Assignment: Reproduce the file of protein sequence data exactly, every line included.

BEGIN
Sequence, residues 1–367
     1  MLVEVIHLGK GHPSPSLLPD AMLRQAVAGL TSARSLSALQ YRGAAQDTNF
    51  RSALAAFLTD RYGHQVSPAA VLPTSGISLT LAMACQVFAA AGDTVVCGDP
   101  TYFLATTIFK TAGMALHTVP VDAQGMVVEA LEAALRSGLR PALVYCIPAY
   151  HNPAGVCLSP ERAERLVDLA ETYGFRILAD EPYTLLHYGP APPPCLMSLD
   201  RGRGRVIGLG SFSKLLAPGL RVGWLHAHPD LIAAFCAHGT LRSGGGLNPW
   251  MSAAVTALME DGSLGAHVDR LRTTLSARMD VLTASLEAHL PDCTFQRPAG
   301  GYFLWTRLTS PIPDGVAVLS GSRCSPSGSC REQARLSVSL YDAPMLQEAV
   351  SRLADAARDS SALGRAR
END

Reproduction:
Sequence, residues 1–367
     1  MLVEVIHLGK GHPSPSLLPD AMLRQAVAGL TSARSLSALQ YRGAAQDTNF
    51  RSALAAFLTD RYGHQVSPAA VLPTSGISLT LAMACQVFAA AGDTVVCGDP
   101  TYFLATTIFK TAGMALHTVP VDAQGMVVEA LEAALRSGLR PALVYCIPAY
   151  HNPAGVCLSP ERAERLVDLA ETYGFRILAD EPYTLLHYGP APPPCLMSLD
   201  RGRGRVIGLG SFSKLLAPGL RVGWLHAHPD LIAAFCAHGT LRSGGGLNPW
   251  MSAAVTALME DGSLGAHVDR LRTTLSARMD VLTASLEAHL PDCTFQRPAG
   301  GYFLWTRLTS PIPDGVAVLS GSRCSPSGSC REQARLSVSL YDAPMLQEAV
   351  SRLADAARDS SALGRAR